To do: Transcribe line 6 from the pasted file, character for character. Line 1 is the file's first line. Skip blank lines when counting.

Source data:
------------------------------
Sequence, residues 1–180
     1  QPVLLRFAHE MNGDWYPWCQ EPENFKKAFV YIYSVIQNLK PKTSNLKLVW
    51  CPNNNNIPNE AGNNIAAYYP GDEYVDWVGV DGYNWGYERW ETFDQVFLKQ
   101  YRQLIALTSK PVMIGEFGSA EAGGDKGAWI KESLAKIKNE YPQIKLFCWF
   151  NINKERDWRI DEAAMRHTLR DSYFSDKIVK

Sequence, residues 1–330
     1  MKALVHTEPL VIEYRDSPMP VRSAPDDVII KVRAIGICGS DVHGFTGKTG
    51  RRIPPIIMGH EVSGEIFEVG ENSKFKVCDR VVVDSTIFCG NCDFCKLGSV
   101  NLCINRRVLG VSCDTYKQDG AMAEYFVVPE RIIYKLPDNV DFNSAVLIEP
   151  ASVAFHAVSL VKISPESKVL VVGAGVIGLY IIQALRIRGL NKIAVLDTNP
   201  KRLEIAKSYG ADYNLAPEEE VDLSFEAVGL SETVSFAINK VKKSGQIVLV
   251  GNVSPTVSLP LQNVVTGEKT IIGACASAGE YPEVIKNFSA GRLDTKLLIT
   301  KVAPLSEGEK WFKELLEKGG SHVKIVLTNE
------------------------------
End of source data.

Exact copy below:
Sequence, residues 1–330